Scientists successfully test harpoon that catches space debris

Scientists successfully test harpoon that catches space debris
Photo credit: Newshub

Scientists in the United Kingdom have successfully tested a harpoon which can collect space debris.

It is a one of its kind experiment taking place hundreds of kilometres above Earth where a space harpoon spears a target one and a half metres away.

The invention was designed to clean up space junk, of which there is believed to be more than 750,000 fragments larger than one centimetre orbiting the our planet.

Any of them could pose a threat to spaceflight or knock out a satellite.

"Space debris is a really big problem, we're launching more and more spacecraft every day, and we're using space more and more in our everyday lives," said Alastair Wayman, Airbus advanced project engineer.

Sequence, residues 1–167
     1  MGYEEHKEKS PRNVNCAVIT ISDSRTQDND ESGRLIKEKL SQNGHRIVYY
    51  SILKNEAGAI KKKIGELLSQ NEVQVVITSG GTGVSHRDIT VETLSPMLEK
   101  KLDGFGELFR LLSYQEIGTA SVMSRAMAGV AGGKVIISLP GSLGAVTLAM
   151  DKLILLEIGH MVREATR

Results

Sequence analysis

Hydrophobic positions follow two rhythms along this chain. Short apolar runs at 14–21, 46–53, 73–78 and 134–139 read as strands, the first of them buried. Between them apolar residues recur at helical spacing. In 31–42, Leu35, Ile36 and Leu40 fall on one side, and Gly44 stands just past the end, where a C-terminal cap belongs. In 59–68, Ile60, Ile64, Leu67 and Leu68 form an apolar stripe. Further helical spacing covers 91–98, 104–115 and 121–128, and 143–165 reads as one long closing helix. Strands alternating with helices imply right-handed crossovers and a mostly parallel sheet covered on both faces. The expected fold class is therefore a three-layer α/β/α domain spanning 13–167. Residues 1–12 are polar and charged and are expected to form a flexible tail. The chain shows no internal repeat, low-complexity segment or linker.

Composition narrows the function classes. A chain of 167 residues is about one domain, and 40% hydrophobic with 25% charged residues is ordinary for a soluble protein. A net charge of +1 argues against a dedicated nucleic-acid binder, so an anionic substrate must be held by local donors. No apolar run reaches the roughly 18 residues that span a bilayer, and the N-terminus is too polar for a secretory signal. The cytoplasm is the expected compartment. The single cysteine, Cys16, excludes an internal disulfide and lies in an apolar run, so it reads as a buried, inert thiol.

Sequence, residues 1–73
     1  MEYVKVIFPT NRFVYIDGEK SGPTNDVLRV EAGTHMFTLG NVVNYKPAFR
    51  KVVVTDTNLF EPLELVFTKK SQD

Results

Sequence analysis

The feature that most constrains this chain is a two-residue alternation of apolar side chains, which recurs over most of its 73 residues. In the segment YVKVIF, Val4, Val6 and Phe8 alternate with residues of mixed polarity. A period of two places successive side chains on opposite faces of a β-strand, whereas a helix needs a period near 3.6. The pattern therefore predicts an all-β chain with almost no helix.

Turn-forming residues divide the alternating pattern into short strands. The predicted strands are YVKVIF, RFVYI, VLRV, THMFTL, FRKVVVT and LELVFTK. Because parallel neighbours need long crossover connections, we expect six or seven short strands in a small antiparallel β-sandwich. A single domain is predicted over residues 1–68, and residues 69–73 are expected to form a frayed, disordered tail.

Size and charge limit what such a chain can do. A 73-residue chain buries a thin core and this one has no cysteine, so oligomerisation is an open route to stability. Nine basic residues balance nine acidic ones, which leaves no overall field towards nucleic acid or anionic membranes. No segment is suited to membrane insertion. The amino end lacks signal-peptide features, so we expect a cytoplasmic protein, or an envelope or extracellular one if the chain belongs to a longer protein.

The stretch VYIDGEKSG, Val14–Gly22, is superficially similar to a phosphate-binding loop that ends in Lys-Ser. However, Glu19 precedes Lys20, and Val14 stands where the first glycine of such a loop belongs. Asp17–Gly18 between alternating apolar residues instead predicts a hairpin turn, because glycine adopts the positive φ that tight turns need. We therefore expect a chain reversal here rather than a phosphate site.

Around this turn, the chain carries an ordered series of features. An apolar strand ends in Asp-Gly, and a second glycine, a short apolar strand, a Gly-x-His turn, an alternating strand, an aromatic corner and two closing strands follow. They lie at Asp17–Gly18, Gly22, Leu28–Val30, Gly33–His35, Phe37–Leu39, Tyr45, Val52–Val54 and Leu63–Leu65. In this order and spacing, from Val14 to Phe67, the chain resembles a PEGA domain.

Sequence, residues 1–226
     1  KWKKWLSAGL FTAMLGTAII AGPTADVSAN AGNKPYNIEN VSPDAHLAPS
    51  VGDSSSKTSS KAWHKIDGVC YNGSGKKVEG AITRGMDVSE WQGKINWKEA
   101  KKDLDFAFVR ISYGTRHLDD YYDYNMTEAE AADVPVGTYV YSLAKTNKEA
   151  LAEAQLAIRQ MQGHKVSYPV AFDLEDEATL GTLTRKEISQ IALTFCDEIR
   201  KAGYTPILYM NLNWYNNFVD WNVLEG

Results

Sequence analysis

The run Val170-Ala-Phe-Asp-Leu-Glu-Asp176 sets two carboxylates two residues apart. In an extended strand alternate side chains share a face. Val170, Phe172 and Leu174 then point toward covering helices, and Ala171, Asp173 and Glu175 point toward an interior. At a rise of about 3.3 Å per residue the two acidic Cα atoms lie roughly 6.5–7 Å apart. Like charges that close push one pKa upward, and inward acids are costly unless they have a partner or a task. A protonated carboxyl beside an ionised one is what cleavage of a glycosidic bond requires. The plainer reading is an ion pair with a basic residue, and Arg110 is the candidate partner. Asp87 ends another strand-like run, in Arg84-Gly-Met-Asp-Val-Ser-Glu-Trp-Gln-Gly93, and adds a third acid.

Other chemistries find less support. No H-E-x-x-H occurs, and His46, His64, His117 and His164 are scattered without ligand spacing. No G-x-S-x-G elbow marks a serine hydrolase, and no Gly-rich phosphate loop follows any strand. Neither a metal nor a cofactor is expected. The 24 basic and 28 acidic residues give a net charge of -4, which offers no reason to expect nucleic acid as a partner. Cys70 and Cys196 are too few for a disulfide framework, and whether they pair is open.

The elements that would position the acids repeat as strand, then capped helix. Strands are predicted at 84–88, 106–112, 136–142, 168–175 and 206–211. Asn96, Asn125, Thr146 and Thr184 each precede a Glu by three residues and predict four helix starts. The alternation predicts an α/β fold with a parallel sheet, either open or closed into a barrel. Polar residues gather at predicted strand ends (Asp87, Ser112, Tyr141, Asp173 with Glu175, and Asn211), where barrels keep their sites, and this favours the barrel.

"One object could strike another and could cause a cascade effect that could actually destroy all of the things that we use daily and take for granted, like GPS, satellite navigation, telephones, the internet, and all those things that we all know and love," said Simon Fellowes, RemoveDEBRIS project programme manager.

Experts at Airbus believe harpoons that are best known for spearing whales are the tools for the job.

The harpoon uses barbs which catch the debris and a cable attached to a very small spacecraft which pulls the junk back into the atmosphere where it burns up.

While it may be years away from being operational, scientists believe it could be a big step towards cleaning up the junkyard that space has become.


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